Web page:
Winemaking started as a simple craft millennia ago.
Grapes were harvested, crushed and pressed. The resulting juice was fermented and decanted, then it was consumed.
Soon people started to think of refining this rough-textured, but intoxicating beverage.
Eventually, barrel aging was discovered to render wines smoother ad more complex in taste. In the last 30 years advances in winemaking progressed more than in the previous millennia.
Some are listed below:
Tannin powder – flour, beans of tannin and chips are used during fermentation to add structure, mouth feel and stability of colour to red wines.
Barrels are made suing staves of different provenance.
Bags of chips or chucks of wood wrapped in cheesecloth are used to improve flavour, and longevity of the wine.
Different levels of toasting barrels contribute to a range of flavours, i.e medium toast contributes flavours of hazelnut, and maple syrup. In addition to these sweetness is also contributed.
Medium plus toast imparts coffee, pepper, tobacco, smoke flavours.
Heavy toast contributes roasted, smoky aromas of coffee, and persistence of flavour.
Untoasted American oak imparts vanilla and coconut flavours, light toast spices, brioche, fresh almond and cocoanut.
French is tight-grain and generally contributes the following characteristics in the finished wine – refined and elegant mouth feel, a hint oak to support the flavour of the wine, and “juiciness” that contributes to the appeal.
Untoasted French oak barrels stabilize red colour; light toast vanilla, gentle spices, cloves, cinnamon, roundness, richness; medium toast coffee, and chocolate; medium plus toast – toasty aromas, coffee, caramel, length on the palate.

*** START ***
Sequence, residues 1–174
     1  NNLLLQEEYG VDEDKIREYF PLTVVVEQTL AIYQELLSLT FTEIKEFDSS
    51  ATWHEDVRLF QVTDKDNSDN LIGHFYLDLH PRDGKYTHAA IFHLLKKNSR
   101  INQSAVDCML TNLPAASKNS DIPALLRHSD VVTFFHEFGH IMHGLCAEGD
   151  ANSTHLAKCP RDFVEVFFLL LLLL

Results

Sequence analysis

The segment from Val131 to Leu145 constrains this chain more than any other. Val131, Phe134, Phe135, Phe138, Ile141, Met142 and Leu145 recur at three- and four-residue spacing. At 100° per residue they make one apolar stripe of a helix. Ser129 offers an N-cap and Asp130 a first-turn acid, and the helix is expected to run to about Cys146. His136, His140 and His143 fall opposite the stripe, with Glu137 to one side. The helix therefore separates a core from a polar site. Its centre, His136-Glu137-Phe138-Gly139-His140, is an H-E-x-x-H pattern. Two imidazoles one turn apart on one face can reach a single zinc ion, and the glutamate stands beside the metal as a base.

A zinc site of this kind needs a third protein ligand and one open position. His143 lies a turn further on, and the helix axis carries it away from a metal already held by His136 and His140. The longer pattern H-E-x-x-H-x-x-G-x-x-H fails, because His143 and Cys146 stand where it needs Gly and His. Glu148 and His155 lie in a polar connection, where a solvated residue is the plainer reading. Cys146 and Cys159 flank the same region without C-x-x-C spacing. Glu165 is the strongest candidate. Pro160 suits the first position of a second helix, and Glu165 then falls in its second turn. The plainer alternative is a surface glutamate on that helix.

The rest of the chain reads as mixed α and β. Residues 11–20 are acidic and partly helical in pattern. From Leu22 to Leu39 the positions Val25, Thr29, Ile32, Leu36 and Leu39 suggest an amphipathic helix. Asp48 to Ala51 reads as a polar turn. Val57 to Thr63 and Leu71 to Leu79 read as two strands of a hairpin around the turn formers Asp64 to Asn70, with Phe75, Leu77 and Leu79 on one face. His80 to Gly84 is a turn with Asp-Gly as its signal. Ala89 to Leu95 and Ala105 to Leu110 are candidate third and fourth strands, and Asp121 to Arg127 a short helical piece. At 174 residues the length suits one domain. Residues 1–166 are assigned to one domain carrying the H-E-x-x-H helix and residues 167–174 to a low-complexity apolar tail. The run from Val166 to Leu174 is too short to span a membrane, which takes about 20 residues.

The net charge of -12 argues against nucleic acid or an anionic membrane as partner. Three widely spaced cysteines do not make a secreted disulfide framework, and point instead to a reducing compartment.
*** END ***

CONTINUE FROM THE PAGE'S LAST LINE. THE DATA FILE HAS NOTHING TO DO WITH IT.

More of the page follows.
In France, winemakers use the wood of following forests – Limousin, Troncais, Allier, Vosges, Jupille.
Canadian, Hungarian, Russian (Krasnodar), Nagorno Karabakh (Armenia), Romanian, and Slovenian oak barrels are also used by many winemakers in Portugal, Italy, the U S A, and other countries.
Occasionally, new staves are inserted into old and exhausted barrels to prolong their usable life.
Some winemakers use concrete egg-shaped fomenters; others use polyethylene tanks, yet others prefer portable stainless steel tanks.
American, particularly Californian, winemakers use the services of laboratories to remove a percentage of alcohol from a high-alcohol wine. It has been established that the same wine at different alcoholic strengths tastes different. The optimal point is called the “sweet point”.
Sometimes volatile acidity may be too high ad detectable by taters, and occasionally even by ordinary consumers. Volatile acidity levels are lowered by specialized procedures in laboratories.
Generally young and university-educated winemakers shun wild yeasts normally are on the skin of grapes. They perform unpredictably and occasionally stop fermentation, called “stuck fermentation”. Generally, wild yeasts are killed by the addition of sulphur dioxide. Cultured, i.e specially bred yeasts are more resistant to sulphur dioxide.
Packaging has been transformed, as are enclosures. Traditionally, cork was used, and still prefered by the majority of winemakers. Less expensive wines are enclosed with plastic corks of different formulas.
Some winemakers prefer glass enclosures, and of late many New World wineries (particularly New Zealand and Australia) and some European ones use specially designed, improved screw caps.
In the last few years, tetra pack has gained some popularity. The same can be said for PET (polyethylene threpthalate), but glass is still the most widely used material for packaging.
Tetrapack causes wines to become oxidized, and experts claim tetra pack packaged wines should be consumed within a year.
|Writer – Hrayr Berberoglu – E-mail – Read his books?
Professor B offers seminars to companies and interested parties on any category of wine, chocolates, chocolates and wine, olive oils, vinegars and dressings, at a reasonable cost.